In coordination with representatives from the Federal Emergency Management Agency and Texas Division of Emergency Management, the Texas Hospital Association offers the following information to clarify the process by which hospitals that experienced damage as a result of Hurricane Harvey should submit claims for reimbursement to FEMA.
Federal law limits eligibility for FEMA funds to public and private nonprofit hospitals. Investor-owned hospitals are eligible only for low-interest loans through the
U.S. Small Business Administration.
FEMA funding is considered last resort funding, which means any insurance policies and other funding mechanisms must be exhausted first. FEMA pays only the non-insured portion of any eligible damages. In addition, only those nonprofit hospitals in a
FEMA-designated disaster area are eligible for assistance.
The first step in the claims process is to submit the following forms to T-DEM via email no later than Oct. 31. This submission not binding and is considered only a notice of intent to apply for reimbursement for costs sustained during Hurricane Harvey and resulting flooding.
1. Request for Public Assistance: Required for public and private hospitals. This form notifies the state that a facility will request FEMA assistance and is required in order to receive a response from FEMA.
2. Designation Authorized Sub-recipients's Agent: Required for public and private hospitals. This form identifies the individuals in the hospital with whom TDEM and FEMA will work on the full application for assistance.
3. Direct Deposit Authorization: Required for public and private hospitals. Includes information on the account into which public assistance funds will be deposited.
4. PNP Facility Questionnaire: Required ONLY for private hospitals.
Submission of the RPA and accompanying forms triggers assignment of a FEMA case manager to the hospital. This individual then schedules a kickoff meeting with the hospital and works with hospital staff to identify eligible costs and categories of available funding, complete the full application for assistance and document the claims. See the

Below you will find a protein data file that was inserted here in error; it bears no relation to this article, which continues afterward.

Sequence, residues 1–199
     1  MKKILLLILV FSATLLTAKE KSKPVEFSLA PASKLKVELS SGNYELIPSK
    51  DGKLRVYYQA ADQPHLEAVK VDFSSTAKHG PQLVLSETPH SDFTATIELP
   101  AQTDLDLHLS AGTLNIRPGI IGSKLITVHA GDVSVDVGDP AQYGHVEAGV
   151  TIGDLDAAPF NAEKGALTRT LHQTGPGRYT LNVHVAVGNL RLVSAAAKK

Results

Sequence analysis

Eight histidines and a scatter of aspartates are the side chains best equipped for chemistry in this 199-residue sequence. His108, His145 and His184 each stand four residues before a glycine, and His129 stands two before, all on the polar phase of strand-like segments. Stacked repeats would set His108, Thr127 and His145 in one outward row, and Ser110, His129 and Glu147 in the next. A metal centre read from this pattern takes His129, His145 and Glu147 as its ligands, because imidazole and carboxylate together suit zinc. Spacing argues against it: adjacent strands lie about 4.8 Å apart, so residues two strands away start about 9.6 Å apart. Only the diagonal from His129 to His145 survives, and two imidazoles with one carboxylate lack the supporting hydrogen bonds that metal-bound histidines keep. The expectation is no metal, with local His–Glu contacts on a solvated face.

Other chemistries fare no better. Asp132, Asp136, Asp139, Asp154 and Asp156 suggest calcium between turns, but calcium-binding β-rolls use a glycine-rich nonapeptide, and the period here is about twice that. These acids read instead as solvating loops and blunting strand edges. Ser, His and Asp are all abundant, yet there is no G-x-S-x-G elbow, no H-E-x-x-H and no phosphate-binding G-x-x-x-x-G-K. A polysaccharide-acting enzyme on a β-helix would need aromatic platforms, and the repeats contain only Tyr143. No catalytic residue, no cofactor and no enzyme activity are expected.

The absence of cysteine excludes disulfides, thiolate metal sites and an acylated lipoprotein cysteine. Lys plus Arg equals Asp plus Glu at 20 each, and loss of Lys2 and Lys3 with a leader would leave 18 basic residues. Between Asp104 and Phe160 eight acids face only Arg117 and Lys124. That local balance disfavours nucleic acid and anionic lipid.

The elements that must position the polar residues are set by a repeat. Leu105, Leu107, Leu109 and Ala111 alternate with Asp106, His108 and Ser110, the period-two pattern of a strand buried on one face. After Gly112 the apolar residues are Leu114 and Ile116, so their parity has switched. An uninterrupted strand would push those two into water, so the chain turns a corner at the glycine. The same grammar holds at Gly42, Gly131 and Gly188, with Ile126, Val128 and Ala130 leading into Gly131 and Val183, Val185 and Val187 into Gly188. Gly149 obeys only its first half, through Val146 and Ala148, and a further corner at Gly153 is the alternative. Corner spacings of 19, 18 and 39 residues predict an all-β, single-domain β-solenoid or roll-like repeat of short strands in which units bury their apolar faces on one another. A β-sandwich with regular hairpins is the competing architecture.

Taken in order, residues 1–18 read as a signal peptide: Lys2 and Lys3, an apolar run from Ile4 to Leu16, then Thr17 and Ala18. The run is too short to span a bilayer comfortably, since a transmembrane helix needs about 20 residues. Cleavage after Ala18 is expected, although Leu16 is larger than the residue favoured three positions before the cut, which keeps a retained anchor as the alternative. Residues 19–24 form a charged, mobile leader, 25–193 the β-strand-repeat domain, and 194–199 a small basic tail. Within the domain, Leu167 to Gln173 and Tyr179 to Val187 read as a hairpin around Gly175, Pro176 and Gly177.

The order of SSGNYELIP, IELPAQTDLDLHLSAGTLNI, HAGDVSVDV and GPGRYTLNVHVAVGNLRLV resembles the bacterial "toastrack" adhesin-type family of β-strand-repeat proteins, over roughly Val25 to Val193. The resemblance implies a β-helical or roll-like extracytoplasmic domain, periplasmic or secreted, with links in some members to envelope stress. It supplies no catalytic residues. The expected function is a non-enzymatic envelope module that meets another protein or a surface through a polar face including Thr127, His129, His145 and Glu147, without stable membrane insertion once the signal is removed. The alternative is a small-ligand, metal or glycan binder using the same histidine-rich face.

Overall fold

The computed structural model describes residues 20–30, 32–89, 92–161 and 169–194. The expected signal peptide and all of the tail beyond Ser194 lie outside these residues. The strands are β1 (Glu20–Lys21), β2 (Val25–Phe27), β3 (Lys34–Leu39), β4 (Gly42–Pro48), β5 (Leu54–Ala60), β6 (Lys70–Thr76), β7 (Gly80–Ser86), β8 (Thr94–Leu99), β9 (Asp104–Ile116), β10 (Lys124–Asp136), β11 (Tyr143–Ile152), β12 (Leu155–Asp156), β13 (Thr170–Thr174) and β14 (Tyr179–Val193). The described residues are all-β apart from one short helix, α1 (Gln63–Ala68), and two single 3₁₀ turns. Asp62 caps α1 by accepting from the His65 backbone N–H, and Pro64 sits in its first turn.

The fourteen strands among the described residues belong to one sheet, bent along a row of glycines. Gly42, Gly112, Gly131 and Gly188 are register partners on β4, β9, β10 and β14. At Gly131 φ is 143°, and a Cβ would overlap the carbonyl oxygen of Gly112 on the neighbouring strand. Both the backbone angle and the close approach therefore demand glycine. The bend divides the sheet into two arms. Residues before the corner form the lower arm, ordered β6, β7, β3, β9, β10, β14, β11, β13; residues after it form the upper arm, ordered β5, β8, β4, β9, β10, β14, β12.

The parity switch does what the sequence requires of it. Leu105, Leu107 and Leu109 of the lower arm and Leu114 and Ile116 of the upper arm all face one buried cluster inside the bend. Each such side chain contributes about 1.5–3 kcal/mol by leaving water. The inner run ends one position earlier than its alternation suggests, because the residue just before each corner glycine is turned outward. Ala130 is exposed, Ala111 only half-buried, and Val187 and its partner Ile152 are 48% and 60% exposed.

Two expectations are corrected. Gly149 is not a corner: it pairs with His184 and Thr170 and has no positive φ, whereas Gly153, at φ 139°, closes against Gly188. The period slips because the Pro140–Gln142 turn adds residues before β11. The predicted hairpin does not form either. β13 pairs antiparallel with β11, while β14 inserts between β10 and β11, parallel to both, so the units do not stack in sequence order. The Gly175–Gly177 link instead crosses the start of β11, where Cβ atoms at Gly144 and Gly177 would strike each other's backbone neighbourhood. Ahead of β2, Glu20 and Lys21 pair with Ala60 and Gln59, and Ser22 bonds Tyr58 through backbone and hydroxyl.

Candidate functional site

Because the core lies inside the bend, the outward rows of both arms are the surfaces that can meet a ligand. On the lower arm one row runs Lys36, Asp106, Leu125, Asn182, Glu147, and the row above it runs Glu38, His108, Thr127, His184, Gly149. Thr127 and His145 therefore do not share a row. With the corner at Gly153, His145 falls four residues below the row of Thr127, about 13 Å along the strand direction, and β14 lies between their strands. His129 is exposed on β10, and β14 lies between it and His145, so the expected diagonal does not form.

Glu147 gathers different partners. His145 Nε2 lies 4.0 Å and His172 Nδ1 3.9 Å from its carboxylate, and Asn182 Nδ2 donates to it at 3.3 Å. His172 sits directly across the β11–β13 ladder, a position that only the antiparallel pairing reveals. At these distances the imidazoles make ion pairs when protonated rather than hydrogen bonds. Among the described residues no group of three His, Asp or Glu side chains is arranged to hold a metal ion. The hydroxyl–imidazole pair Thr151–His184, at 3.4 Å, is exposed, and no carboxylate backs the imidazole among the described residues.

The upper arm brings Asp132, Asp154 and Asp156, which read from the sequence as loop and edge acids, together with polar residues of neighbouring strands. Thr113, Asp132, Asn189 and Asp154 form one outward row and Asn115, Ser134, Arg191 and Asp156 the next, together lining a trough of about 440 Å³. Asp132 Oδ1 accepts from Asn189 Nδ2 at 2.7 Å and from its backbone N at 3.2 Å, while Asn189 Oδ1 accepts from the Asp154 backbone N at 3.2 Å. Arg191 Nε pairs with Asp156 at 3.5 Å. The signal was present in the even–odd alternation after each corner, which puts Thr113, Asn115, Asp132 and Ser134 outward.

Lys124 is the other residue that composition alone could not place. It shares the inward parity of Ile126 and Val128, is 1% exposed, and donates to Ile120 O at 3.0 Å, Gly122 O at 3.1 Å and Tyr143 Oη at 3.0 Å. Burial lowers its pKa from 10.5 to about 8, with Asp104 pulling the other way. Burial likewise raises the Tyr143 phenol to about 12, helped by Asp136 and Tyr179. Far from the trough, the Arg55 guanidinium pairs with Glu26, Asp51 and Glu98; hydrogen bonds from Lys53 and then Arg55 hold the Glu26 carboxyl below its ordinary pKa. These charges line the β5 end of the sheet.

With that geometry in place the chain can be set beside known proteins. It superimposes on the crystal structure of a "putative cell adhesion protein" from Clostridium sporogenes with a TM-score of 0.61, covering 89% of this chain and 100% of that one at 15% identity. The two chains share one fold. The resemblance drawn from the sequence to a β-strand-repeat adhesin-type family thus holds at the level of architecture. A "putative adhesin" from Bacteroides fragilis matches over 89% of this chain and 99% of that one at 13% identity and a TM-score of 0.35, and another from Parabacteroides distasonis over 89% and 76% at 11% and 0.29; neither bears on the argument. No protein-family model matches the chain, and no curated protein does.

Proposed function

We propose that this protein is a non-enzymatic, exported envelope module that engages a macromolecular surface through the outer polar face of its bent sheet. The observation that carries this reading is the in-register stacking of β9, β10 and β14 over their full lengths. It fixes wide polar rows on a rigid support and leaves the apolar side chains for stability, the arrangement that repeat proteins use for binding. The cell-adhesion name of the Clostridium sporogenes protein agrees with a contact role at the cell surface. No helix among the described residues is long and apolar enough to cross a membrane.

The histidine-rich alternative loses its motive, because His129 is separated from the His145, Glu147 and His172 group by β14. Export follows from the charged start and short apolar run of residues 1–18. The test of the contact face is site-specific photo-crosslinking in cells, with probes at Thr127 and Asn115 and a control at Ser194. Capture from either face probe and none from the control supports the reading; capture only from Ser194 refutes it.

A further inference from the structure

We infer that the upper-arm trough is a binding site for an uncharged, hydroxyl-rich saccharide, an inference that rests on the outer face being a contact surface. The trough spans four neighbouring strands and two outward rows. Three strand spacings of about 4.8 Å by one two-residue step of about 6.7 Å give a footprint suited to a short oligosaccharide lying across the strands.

detailed FEMA guide for categories of costs possibly eligible for reimbursement.
In general, costs related to business interruption are not considered eligible for reimbursement. However, according to FEMA staff, hospitals represent a unique situation in claims management and adjudication because of the challenge in determining whether a cost is incurred as part of normally doing business, despite the disaster, or is a cost directly attributable and the result of the disaster.
Documenting the claim thoroughly and comprehensively is vitally important. Working closely with the designated FEMA case manager also is important. Hospitals are advised to keep detailed inventories with documented costs and record the roles of all employees and contractors related to the hurricane. Mitigation activities are crucial. When selecting vendors, hospitals also must strictly follow all federal laws related to procurement to be eligible for FEMA funding. In addition, if a hospital received FEMA reimbursement in the past and was required to maintain a certain level of insurance as a condition of reimbursement, eligibility for future funding will depend on documenting that it obtained and maintained that required level of insurance. Once T-DEM or FEMA approves a scope of work for reimbursement, hospitals may not deviate from it.